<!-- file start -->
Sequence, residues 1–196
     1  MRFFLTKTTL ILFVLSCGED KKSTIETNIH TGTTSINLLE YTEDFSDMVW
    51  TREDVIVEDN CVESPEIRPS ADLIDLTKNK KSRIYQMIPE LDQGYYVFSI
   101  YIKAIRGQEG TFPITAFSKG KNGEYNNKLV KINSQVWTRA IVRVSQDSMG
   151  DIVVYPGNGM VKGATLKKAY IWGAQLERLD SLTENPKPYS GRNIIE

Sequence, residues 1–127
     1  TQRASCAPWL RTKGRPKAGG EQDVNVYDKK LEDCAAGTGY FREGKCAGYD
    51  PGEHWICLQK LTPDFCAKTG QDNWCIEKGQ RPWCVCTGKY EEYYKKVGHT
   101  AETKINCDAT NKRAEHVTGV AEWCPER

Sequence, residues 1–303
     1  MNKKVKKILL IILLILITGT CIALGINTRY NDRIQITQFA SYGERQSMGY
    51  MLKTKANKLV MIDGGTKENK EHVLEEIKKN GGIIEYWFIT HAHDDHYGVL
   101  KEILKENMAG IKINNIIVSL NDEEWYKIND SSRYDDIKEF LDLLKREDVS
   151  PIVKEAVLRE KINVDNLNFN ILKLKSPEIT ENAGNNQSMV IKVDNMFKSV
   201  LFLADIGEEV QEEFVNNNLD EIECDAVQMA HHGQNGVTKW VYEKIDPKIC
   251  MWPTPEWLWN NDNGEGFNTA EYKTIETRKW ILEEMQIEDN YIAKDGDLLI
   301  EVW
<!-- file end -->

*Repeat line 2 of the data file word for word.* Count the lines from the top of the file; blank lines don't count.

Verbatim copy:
     1  MRFFLTKTTL ILFVLSCGED KKSTIETNIH TGTTSINLLE YTEDFSDMVW